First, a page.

Water master plan continues to move forward

Grant funding from province, feds push water master plan ahead with universal metering program latest to move forward

The announcement of a senior government grant to help pay for upgrades to Lake Country’s water system should allow the district to complete its move to a universal water metering system for both residential and agriculture water users by the end of 2016.

Lake Country received $788,036—$394,018 each from the provincial and federal governments—and will kick in its own $394,018 for a $1.18 million dollar project to install back-flow prevention devices on agriculture water systems, protecting Lake Country’s overall system from contamination.

The funding is part of the overall water master plan in the district which this year has seen about two-thirds of residential customers receive new water meters with the aim of having all residential customers updated to the new water meters this year before work to complete the agriculture systems takes place in 2016.

“This year the primary focus is on residential installs which we started in early March in the Oyama area before  we moved to Winfield, Okanagan Centre and Carrs Landing and we’re now working on the Coral Beach and Lakepine water systems,” explained Kiel Wilke, Lake Country engineering technician. “The water meters are really going to ensure our water system is able to run sustainable for years to come. The water master plan is about supplying safe, sustainable and affordable water to the community.”

The district’s 20-year water master plan is now into its fourth year and universal metering was originally set to be completed in 2015. But due to budget constraints the project extended into next year and according to Wilke will go a long way to ensuring the project is completed on budget.

While the residential portion of the water meters is expected to be complete by the end of this year, residents won’t be paying on a user-pay model until 2017 as the district will instead go though a year of a mock billing cycle where they will receive a regular bill the same as past years but also a mock bill, showing how much water they have used and how much it would cost under the new system.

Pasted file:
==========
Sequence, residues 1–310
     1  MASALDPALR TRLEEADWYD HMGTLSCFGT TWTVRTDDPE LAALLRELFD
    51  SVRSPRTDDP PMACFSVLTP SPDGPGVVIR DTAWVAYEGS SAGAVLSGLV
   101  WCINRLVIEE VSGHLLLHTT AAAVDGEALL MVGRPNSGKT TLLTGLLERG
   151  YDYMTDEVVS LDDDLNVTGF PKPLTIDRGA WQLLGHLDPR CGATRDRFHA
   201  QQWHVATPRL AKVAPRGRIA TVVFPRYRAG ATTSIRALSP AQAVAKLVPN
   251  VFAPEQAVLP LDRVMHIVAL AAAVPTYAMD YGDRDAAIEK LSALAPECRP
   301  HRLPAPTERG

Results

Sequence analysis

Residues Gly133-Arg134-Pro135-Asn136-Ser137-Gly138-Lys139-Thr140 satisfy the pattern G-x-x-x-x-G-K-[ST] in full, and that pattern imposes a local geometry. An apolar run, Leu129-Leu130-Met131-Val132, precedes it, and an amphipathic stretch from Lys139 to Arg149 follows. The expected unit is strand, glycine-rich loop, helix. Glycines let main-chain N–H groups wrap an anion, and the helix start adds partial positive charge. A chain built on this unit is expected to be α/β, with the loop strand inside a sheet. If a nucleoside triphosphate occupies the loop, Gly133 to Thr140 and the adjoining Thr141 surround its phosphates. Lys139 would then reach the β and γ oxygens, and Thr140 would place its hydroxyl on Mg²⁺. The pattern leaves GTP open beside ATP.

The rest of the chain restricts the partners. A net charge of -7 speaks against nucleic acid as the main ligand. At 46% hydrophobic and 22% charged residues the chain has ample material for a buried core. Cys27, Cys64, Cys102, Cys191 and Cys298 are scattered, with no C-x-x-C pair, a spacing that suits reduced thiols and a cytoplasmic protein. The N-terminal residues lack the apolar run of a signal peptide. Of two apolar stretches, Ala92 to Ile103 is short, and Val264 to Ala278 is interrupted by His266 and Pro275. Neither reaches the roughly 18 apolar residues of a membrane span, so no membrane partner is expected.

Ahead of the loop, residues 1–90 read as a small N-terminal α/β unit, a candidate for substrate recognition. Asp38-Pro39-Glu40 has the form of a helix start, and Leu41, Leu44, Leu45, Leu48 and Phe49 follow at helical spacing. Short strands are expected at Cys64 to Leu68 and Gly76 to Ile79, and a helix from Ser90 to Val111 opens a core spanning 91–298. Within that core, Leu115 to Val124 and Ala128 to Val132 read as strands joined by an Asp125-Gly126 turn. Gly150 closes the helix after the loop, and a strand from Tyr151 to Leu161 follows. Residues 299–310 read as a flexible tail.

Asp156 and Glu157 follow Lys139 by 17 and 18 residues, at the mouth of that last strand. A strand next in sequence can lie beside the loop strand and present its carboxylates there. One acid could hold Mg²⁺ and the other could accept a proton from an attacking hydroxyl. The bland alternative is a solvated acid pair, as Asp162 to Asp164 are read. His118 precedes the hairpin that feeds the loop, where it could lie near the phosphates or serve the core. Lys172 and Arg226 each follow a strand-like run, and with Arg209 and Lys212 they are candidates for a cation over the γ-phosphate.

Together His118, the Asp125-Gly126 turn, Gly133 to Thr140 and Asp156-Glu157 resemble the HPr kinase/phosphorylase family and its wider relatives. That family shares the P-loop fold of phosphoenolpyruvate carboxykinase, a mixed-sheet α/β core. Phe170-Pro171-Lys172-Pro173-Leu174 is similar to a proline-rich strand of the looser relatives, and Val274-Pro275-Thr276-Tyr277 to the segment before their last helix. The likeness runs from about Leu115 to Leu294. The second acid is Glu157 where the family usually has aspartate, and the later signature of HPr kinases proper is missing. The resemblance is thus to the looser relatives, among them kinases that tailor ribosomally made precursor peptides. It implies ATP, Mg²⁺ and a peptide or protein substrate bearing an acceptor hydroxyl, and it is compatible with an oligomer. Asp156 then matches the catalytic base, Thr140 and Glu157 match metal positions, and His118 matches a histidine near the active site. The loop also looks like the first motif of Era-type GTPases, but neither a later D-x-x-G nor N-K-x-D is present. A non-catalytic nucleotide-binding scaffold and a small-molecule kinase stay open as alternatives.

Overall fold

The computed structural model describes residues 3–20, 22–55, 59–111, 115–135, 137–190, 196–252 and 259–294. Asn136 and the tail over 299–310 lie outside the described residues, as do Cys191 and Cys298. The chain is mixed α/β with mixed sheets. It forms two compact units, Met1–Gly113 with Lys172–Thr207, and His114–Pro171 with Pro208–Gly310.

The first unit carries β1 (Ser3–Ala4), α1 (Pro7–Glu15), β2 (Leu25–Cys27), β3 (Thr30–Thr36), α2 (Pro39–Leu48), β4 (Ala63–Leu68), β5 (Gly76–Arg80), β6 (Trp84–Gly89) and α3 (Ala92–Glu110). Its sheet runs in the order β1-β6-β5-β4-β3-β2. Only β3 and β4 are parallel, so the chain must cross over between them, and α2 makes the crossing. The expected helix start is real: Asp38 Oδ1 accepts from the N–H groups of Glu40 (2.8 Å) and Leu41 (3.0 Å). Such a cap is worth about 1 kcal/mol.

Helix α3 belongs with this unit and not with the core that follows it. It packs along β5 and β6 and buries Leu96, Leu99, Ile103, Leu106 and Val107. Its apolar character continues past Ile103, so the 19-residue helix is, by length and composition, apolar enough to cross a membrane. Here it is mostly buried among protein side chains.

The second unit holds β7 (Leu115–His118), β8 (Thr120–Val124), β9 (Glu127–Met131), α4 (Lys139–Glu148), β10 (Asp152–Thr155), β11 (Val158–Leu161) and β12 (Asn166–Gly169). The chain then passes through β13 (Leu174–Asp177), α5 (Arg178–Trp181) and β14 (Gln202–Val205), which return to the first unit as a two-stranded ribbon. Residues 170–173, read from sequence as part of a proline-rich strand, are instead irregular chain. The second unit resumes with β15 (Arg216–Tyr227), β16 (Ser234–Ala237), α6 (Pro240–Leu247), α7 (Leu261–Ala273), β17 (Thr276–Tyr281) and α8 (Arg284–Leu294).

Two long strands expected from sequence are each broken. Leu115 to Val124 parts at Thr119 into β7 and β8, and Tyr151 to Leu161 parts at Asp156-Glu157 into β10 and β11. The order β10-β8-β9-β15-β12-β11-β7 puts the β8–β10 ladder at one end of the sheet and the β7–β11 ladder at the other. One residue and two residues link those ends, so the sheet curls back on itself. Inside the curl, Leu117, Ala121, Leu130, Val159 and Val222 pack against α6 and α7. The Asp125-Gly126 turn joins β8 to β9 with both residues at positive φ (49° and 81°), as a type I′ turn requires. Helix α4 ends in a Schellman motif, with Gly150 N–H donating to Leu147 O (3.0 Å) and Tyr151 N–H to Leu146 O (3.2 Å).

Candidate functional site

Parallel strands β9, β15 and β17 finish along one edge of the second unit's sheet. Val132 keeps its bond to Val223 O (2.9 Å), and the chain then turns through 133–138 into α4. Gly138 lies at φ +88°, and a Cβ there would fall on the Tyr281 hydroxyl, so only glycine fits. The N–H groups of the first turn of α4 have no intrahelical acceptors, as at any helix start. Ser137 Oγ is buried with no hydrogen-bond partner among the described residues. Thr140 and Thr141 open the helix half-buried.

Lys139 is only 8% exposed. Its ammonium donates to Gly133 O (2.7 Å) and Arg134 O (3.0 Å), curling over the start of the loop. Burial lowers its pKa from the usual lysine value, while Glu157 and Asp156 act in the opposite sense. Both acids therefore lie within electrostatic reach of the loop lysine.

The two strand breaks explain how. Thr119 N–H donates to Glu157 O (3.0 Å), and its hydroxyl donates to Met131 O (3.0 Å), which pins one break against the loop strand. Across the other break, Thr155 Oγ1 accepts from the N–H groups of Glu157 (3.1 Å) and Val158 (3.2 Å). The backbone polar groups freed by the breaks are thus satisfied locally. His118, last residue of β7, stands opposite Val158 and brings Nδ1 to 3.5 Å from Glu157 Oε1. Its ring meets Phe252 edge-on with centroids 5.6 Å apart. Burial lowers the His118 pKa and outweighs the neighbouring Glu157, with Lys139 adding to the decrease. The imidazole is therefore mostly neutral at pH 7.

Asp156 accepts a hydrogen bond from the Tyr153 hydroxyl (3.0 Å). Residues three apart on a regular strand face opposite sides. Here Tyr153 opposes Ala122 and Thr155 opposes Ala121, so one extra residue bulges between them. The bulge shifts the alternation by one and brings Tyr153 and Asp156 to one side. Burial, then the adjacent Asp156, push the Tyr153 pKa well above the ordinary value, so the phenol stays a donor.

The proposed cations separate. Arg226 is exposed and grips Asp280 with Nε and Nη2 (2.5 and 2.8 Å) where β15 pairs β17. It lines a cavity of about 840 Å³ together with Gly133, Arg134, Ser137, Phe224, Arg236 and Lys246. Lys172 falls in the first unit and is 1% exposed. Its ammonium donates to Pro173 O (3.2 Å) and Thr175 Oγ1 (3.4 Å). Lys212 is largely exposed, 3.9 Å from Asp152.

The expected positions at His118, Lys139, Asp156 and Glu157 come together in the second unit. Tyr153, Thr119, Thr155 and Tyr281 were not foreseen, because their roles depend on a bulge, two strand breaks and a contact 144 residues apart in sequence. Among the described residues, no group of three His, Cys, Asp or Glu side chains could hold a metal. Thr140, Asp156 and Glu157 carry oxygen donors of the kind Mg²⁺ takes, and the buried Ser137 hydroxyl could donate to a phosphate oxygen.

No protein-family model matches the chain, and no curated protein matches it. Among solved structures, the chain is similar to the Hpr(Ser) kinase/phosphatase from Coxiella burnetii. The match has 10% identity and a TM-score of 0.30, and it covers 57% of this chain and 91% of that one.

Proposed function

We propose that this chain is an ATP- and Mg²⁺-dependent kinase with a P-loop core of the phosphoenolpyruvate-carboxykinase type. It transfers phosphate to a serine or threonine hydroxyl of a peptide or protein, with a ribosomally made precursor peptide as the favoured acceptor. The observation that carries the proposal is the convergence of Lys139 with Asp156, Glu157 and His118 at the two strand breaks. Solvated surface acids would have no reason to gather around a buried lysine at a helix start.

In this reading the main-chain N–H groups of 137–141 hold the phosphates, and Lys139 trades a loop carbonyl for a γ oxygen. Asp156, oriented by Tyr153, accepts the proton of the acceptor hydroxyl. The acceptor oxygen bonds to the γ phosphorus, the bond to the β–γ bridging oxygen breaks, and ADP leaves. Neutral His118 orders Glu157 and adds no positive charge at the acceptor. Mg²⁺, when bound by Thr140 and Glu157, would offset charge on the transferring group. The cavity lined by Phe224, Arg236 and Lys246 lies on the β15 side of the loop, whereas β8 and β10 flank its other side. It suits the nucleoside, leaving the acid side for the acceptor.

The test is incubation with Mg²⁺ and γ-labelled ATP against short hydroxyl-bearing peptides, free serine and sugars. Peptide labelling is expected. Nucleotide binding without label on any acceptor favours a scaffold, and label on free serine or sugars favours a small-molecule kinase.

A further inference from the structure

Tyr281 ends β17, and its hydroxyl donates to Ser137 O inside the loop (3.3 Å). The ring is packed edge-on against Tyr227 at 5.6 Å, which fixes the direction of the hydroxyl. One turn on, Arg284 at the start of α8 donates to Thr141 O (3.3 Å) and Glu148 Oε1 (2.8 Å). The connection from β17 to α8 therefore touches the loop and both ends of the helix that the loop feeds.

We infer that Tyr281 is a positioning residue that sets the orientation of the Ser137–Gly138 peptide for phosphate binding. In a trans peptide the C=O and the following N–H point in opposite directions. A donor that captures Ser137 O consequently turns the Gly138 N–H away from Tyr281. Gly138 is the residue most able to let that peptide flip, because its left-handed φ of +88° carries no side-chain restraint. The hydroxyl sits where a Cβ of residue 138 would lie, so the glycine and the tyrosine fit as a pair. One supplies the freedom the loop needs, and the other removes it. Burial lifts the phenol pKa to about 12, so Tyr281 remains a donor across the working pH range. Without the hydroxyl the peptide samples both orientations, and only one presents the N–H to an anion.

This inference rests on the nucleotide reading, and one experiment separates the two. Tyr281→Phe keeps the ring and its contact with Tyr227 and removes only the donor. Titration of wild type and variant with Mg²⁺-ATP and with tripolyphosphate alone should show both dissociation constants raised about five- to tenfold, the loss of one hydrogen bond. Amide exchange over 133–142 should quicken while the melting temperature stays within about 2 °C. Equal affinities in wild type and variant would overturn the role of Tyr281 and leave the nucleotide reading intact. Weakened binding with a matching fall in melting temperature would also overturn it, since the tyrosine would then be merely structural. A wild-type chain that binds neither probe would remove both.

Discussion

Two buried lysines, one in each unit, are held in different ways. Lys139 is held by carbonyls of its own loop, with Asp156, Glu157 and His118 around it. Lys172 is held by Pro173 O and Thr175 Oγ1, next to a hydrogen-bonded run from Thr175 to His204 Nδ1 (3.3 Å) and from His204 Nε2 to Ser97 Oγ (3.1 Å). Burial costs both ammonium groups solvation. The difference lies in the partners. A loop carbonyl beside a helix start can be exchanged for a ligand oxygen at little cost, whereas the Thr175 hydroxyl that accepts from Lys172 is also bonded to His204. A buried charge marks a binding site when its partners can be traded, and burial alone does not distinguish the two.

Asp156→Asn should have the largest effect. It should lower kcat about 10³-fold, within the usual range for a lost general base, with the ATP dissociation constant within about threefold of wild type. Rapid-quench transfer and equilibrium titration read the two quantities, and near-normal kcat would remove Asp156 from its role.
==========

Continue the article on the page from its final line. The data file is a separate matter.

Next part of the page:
“In community after community it’s been proven that the best way to ensure water conservation techniques is to have the customers pay for the water they use,” said Wilke.

Farmers will have a different system and the district is investigating what is called an allocation system where agriculture users are allocated a certain amount of water per acre.

The 20-year-plan contains $80 million worth of capital projects including the universal water metering as well as a new water treatment facility. The majority of the projects within the water master plan will rely on senior government funding support and if the district doesn’t receive the funding, the project likely gets re-scheduled to a later date.

But Wilke says completing the universal meters is a big step that will not only benefit the water system as a whole, but will help the district secure more grants.

“It’s a lot more difficult to get grant funding if you don’t have water meters in place or water conservation techniques in place,” he said.

Next year will also be the final year of five years of a $50 water rate increase to help fund the water master plan in the district.